Much of the album concerns itself with K.R.I.T.’s legacy as a hip-hop giant and the true trappings of success, versus the appearance of it. On the album’s opening track “Big K.R.I.T.” he says, “Look how they hate me but copy me / Possibly was the one with components and properties / To be the greatest of all time but you won the geography lottery.” Despite his overwhelming love and representation for the South, there are a few moments like this where K.R.I.T. acknowledges the types of arbitrations, like aesthetic or geographic location, that can hold an artist back despite their skill level. Records like “Confetti” address the other aspect of the problem by drawing attention to the way that miniscule achievements are celebrated as great wins. The repeated hook “Your confetti aint even heavy nigga / Got the win, I want the record, nigga / What’s a crown if you don’t protect it, nigga?/ What’s a name if they don’t respect it, nigga?/ Nah, your confetti aint even heavy.” K.R.I.T.’s sense of confidence, on the first side of album especially, is unwavering and through his bombast he reveals some of the hypocrisies in the industry and “insta-fame.” Success does not manifest itself in the same way for everyone and longevity has always been the name of the game for K.R.I.T..

Read Full Article: HERE Big K.R.I.T.’s Double Album ‘4eva Is a Mighty Long Time’ Showcases Conflicting Sides of the MC

“Keep the Devil Off” by Big K.R.I.T., the Mississippi MC and producer, is one of the best rap songs of 2017, a standout from his new LP, 4eva Is a Mighty Long Time. Yet his lyrical allusions to Garden of Eden-esque snakes and coveted riches aren’t the only aspect that separate it from the trap hits dominating today’s charts — or the trunk rattling road anthems that have become K.R.I.T.’s hallmark, for that matter.
“It’s church, man. It’s definitely got that vibe,” Big K.R.I.T. (born Justin Scott) tells Exclaim! of the raw gospel instrumental of “Keep the Devil Off,” not to mention his sermon-style delivery on its chorus. “I wanted to have that breakdown with the organ, but also not be overly preachy. It’s still got 808s and snares, but there are no curse words. I wanted to keep it clean and have that warmth and body, as if a choir is singing there with you.”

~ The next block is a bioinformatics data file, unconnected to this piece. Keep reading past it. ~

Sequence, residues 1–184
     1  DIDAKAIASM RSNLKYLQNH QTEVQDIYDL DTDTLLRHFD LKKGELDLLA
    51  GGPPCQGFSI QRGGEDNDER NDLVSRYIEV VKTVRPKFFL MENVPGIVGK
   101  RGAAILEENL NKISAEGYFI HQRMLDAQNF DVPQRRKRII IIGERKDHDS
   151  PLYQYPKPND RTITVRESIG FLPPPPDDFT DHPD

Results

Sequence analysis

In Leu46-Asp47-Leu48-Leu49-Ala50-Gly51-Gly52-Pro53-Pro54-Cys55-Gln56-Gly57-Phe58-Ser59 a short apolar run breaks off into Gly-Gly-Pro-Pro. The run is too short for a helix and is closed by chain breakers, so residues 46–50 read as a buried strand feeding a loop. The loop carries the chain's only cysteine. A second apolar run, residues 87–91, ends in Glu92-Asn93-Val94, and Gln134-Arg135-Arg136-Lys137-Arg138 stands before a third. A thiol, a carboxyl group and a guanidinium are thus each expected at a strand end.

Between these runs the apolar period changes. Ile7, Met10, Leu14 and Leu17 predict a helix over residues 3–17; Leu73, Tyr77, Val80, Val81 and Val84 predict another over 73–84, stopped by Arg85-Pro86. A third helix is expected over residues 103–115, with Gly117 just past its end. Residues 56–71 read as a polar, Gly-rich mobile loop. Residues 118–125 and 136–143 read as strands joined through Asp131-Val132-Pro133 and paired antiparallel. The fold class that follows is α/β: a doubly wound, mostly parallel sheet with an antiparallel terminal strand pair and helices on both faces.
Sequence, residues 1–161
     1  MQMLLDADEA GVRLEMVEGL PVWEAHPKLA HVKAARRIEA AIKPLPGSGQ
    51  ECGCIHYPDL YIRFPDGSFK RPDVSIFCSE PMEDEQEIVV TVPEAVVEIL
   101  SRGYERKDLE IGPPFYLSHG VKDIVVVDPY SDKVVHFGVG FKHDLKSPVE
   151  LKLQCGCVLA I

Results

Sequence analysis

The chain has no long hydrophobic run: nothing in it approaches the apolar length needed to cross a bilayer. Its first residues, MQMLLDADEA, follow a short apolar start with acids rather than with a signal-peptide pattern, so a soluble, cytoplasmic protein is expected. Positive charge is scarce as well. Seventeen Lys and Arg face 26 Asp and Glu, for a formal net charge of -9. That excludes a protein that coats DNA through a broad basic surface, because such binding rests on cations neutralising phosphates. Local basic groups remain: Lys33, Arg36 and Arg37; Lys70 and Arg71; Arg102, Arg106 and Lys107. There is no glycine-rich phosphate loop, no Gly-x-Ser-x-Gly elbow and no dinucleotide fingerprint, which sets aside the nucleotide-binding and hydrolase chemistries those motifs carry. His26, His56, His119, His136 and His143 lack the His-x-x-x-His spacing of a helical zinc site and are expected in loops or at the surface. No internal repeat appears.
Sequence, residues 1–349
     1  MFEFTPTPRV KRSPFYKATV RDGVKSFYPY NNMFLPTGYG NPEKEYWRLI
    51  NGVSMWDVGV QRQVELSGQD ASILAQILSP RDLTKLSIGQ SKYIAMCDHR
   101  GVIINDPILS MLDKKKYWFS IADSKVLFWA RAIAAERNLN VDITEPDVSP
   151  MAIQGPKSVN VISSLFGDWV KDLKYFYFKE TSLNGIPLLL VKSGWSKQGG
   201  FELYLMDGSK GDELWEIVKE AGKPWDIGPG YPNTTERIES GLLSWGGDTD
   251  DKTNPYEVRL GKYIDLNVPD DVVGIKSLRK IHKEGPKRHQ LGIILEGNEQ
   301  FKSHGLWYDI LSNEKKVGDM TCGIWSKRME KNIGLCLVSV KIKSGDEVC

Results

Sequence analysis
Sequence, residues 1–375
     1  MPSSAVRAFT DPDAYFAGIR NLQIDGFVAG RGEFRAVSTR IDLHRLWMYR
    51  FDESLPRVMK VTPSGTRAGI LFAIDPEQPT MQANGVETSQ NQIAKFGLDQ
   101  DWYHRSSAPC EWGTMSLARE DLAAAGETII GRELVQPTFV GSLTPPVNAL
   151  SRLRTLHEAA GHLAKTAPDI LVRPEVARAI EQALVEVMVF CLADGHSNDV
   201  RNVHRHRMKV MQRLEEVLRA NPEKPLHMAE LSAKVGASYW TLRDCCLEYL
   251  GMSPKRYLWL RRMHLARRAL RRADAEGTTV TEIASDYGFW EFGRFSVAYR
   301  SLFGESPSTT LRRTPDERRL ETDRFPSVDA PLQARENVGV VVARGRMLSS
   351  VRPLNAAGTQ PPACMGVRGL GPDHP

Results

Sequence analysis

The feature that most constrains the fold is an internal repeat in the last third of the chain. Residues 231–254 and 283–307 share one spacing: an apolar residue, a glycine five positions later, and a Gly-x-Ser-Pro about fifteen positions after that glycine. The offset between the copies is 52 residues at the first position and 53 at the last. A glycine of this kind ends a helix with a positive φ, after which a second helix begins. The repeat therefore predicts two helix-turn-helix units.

“Keep the Devil Off,” appears on the second half of the double album. Those sprawling 22 tracks are divided into one side dedicated to his stage name and alter ego, while the other side is dedicated to his given name. The “Justin Scott,” side not only has “Keep the Devil Off,” but also the preceding track “Mixed Messages,” which begins with a skit where fans demand K.R.I.T. spit party songs and hood anthems. The instrumental kicks in and he begins lyrically lamenting about those mounting pressures.
“Those records could only have been on the ‘Justin Scott’ side of the album,” he says of the LP’s half that is more introspective and nuanced than the harder hitting, assertive “Big K.R.I.T.” side. Of “Mixed Messages,” he explains: “When it comes to music, the minute you decide to do something different, people feel like you’ve changed up, or you’re on some other shit, when really you’re just being creative. So this song reflects how conflicted an artist can feel sometimes.”

Read Full Article: HERE

Also Checkout Their Review: HERE

Big K.R.I.T. Freestyles Over Slim Thug’s ‘Like A Boss’ On Real 92.3 LA

Big K.R.I.T. never freestyles, but leave it to BootlegKev to get him to go in on The Real Trap House. K.R.I.T. spits over Slim Thug’s “Like A Boss.”